Carole Ann Scott

Carole-Ann Scott

Program Director

California“We can help students understand that it’s okay to ask for help, and it’s okay to be imperfect. We help teens deal with bullying and low self-esteem by showing them that who they are can come from inside."

As Program Director of Phoenix House’s Behavioral Health Intervention & Support Services (BHIS), Carole-Ann Scott draws on her background in education and passion for working with young people. She has a bachelor’s degree in psychology from Hunter College and a master’s degree in clinical psychology from Antioch University. Before joining Phoenix House, Carole-Ann directed a non-public school, and she opened a charter school in 2003. During her time working in education, she witnessed the prolific use of substances among California’s youth, and in 2009 she joined the Phoenix House team as Deputy Director of mental health care at Phoenix House Academy in Los Angeles.

Carole-Ann was drawn to Phoenix House because of its unique, well-established system that is open to incorporating new treatment modalities. “It’s exciting to utilize new, cutting-edge methodologies while helping young people,” she said.

The BHIS program focuses on preventing teens from using drugs or developing mental health disorders or behavioral symptoms. One of the greatest challenges that Carole-Ann sees teens coping with today is managing high expectations and elevated stress levels. Because today’s workloads are larger than in previous years, kids may be more likely to react with aggressive behavior or substance use to manage stress, anxiety, and nervousness. BHIS provides young people with tools and strategies to deal with daily challenges in a healthy way.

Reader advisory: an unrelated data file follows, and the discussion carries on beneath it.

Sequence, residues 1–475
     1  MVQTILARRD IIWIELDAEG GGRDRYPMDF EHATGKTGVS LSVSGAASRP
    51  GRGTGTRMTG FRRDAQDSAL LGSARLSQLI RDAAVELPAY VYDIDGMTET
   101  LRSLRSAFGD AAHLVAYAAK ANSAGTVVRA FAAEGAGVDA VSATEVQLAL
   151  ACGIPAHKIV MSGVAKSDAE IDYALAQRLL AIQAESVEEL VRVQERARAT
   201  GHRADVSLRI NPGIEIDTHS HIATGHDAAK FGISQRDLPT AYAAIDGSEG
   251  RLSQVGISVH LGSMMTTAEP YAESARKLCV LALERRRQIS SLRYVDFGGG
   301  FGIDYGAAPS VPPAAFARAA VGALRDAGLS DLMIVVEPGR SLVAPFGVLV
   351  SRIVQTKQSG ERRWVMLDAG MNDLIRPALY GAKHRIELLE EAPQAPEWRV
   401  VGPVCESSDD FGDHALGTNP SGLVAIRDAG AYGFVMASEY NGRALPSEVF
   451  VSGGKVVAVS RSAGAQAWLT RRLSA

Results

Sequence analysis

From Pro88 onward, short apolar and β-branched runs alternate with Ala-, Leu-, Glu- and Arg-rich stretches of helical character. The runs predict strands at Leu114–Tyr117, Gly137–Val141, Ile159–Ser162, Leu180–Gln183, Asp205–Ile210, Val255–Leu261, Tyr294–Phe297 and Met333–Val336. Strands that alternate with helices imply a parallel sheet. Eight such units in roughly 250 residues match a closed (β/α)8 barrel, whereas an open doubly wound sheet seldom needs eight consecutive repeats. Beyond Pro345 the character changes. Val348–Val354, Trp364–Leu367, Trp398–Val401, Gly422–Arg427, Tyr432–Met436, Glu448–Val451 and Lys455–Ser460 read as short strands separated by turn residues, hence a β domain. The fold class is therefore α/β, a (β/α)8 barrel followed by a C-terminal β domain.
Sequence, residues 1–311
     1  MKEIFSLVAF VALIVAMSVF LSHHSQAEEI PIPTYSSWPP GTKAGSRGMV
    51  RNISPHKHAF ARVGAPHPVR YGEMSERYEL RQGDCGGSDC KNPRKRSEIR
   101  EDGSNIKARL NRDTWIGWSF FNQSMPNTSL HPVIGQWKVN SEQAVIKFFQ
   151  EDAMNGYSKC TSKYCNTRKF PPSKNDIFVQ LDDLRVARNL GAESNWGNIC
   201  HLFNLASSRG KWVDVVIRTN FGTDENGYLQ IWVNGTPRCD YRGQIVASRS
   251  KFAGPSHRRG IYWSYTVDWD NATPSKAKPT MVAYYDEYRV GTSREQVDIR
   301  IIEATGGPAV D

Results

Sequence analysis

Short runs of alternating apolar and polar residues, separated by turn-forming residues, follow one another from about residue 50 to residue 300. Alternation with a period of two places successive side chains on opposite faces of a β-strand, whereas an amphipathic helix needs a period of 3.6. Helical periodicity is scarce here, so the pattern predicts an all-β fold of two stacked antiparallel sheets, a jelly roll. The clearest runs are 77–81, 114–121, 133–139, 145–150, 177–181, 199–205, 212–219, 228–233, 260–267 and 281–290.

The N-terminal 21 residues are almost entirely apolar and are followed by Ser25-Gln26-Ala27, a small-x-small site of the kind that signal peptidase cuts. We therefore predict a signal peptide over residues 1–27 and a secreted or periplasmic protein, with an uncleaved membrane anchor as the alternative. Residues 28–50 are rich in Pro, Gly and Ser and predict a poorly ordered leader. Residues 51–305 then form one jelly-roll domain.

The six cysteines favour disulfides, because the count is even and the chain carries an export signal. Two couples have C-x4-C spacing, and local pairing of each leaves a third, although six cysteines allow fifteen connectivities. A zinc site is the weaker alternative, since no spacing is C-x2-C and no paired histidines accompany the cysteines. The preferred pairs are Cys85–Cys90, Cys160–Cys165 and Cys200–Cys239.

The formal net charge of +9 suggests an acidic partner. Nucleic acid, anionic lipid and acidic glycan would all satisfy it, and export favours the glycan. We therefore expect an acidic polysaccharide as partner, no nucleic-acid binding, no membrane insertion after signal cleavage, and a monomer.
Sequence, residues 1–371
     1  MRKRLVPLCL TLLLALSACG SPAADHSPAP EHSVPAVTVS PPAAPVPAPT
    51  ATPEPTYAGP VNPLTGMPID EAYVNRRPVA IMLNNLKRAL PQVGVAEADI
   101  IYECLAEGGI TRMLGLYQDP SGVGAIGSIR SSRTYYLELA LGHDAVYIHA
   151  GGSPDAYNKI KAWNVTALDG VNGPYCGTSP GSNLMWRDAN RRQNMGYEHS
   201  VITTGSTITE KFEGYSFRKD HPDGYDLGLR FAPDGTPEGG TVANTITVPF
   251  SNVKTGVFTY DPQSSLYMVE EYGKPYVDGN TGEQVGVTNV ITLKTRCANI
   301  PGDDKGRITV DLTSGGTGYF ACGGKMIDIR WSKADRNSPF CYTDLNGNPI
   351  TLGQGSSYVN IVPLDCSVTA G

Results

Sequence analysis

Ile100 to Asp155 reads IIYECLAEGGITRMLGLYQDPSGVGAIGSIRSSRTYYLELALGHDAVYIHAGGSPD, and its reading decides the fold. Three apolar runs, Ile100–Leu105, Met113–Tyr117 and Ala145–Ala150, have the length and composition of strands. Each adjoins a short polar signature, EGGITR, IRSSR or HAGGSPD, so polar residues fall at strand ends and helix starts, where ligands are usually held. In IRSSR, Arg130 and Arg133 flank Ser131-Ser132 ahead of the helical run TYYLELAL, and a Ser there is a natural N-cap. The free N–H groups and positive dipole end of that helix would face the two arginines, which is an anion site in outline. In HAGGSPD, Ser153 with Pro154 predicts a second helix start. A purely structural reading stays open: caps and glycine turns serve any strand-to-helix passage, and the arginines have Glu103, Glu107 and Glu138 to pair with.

As a parent of three college-age young adults, Carole-Ann understands the importance of self-esteem, identity, and appreciating young people as their own individuals. “We can help students understand that it’s okay to ask for help, and it’s okay to be imperfect. We help teens deal with bullying and low self-esteem by showing them that who they are can come from inside—it’s not just about their favorite sports figures or TV stars. Young people can define who they are.”